It takes two people to dress one man in the Batman motorcycle suit. Not sure how many workers it takes to build the thing, but considering the myriad patches of leather that comprise its construction I guess the suit requires at least one cow.
A lot goes into making make-believe this believable. Including approximately one thousand, seven hundred real dollars, which is more than most adults will spend to dress like Batman. However, it's not really much more than motorcyclists already spend on a full set of bike gear--a leather jacket, leather pants, leather boots and gloves can easily add up to more and will leave riders looking more Power Ranger than Dark Knight. So might UD Replica's Dark Knight Rises "costume" practically displace more traditional motorcycle attire for daily riding?
Nah. I got a chance to sample the costume for a video shoot at the office, and while I spent just half an hour riding in the thing I did wear the Batman motorcycle suit for approximately five consecutive hours. It really does take the help of another consenting adult to fully dress the suit (with some practice, a dedicated Batfan might learn to cope without the extra hands). Despite the mesh construction for much of the suit, it's quite hot to be in. The suit chaffed my arms in a couple of spots--insides of my elbows and fronts of my shoulders--and the molded hard parts that contribute to the stellar, authentic Dark Knight-look restrict some movements I generally take for granted.
Most notably, the hard chest piece gets in the way of upper arm movement and possibly contributed to the shoulder chafing. The chest facade attaches to the front of the jacket via hook and loop. (No, my pecs don't normally look like this.) The other significant problem is the, ahem, cod piece, which is flattering but presents a serious impediment to sitting down. And I like sitting down.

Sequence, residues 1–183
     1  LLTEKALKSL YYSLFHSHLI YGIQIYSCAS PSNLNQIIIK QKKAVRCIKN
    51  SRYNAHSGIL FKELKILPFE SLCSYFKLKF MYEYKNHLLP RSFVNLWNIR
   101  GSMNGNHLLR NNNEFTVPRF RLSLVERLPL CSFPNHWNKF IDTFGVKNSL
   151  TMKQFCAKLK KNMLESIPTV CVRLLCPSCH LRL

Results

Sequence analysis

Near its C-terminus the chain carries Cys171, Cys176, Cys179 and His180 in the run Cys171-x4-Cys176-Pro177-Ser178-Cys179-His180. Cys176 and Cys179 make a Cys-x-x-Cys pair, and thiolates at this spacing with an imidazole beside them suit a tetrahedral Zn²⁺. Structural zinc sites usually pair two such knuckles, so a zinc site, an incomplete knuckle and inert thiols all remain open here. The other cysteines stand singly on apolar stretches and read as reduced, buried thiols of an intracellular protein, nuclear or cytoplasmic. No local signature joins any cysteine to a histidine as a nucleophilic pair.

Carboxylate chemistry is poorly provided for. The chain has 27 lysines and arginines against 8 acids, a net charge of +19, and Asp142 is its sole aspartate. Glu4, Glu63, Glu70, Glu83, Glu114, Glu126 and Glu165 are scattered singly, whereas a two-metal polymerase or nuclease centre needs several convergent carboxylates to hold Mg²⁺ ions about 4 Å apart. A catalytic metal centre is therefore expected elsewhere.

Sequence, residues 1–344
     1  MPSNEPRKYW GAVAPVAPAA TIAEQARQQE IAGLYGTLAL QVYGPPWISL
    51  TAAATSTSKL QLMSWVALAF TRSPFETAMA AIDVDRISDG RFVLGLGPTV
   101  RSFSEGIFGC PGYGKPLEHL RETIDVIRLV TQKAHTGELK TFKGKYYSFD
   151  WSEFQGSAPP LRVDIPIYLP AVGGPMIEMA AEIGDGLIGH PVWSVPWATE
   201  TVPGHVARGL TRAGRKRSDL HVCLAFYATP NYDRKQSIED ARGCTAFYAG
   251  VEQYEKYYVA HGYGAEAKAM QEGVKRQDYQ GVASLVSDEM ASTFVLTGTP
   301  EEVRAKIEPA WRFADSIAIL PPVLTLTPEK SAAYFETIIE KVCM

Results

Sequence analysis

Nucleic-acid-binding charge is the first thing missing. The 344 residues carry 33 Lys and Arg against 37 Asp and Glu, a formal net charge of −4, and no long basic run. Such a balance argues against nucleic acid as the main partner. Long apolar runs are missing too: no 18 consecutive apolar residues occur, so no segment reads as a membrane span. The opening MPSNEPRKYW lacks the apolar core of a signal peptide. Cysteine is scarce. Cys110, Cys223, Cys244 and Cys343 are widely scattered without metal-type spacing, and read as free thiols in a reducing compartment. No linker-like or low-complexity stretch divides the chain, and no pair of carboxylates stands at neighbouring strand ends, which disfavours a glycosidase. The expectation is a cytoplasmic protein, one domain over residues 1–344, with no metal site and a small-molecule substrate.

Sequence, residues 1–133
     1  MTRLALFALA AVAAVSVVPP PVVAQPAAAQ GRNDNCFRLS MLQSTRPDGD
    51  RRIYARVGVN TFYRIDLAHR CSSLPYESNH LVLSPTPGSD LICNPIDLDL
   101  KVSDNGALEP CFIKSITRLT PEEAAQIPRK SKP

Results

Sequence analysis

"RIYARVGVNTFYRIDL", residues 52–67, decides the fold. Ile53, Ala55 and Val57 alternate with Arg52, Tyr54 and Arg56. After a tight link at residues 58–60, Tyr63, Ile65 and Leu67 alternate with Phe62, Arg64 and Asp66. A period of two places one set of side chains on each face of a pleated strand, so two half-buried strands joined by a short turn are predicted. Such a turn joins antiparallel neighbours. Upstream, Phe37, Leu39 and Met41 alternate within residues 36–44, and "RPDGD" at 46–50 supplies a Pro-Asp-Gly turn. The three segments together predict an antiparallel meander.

But where it really counts--on the bike--the Batman suit is surprisingly easy to wear. In the half hour I spent riding in the gear, back and forth through an alley, in front of a camera and on a short freeway stint with a pillion, I felt remarkably comfortable. There's some stiffness in turning my head and torso, but nothing I wouldn't expect from brand-new motorcycle leathers. As a riding suit, the Dark Knight gear is impressively functional.
More impressive than the function is the form. This thing looks incredible, no cheap Halloween abomination but an honest-to-goodness replica of Batman's suit from The Dark Knight Rises film. And it's not like I've got a Batman-quality body to make it look good, more in common physically with Michael Caine than Christian Bale, yet I still look the real deal from the neck down. Riding around San Francisco's South Beach, I felt fascinated stares from urban dwellers not easily distracted by aberrant attire.
The details in the molded leather and Kevlar, the spiked forearm gauntlets, and studded utility belt do justice to the film original. The only letdowns? A cheap-looking Batman logo on the belt and mesh gloves that are, frankly, a bit shit.
Seventeen hundred American dollars will buy higher quality, more protective duds from Dainese et al., yet the Batman suit is no cos-play fake. Both as a movie replica and functional motorcycle gear, the Dark Knight Rises motorcycle suit is legit. Slightly insane, sure. But then Batman's not known for his sanity.
Photo stills from video shot by Sean Finnegan, produced by Michael Zipkin.